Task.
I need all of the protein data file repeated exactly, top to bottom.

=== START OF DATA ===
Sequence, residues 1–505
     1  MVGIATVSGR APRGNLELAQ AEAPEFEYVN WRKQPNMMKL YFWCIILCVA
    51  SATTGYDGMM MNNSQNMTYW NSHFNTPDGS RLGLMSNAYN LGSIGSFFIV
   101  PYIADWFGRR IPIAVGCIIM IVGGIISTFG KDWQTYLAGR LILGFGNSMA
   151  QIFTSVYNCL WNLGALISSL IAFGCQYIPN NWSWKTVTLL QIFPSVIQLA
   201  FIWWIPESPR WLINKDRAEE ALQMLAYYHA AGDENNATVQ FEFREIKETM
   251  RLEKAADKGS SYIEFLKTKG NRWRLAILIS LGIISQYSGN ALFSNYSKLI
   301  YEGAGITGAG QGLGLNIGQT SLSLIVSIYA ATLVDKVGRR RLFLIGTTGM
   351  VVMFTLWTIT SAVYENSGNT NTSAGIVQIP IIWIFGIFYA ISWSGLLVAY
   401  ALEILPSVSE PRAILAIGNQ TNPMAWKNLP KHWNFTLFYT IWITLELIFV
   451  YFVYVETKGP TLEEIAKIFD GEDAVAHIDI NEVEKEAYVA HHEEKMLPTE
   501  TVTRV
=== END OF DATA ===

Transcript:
Sequence, residues 1–505
     1  MVGIATVSGR APRGNLELAQ AEAPEFEYVN WRKQPNMMKL YFWCIILCVA
    51  SATTGYDGMM MNNSQNMTYW NSHFNTPDGS RLGLMSNAYN LGSIGSFFIV
   101  PYIADWFGRR IPIAVGCIIM IVGGIISTFG KDWQTYLAGR LILGFGNSMA
   151  QIFTSVYNCL WNLGALISSL IAFGCQYIPN NWSWKTVTLL QIFPSVIQLA
   201  FIWWIPESPR WLINKDRAEE ALQMLAYYHA AGDENNATVQ FEFREIKETM
   251  RLEKAADKGS SYIEFLKTKG NRWRLAILIS LGIISQYSGN ALFSNYSKLI
   301  YEGAGITGAG QGLGLNIGQT SLSLIVSIYA ATLVDKVGRR RLFLIGTTGM
   351  VVMFTLWTIT SAVYENSGNT NTSAGIVQIP IIWIFGIFYA ISWSGLLVAY
   401  ALEILPSVSE PRAILAIGNQ TNPMAWKNLP KHWNFTLFYT IWITLELIFV
   451  YFVYVETKGP TLEEIAKIFD GEDAVAHIDI NEVEKEAYVA HHEEKMLPTE
   501  TVTRV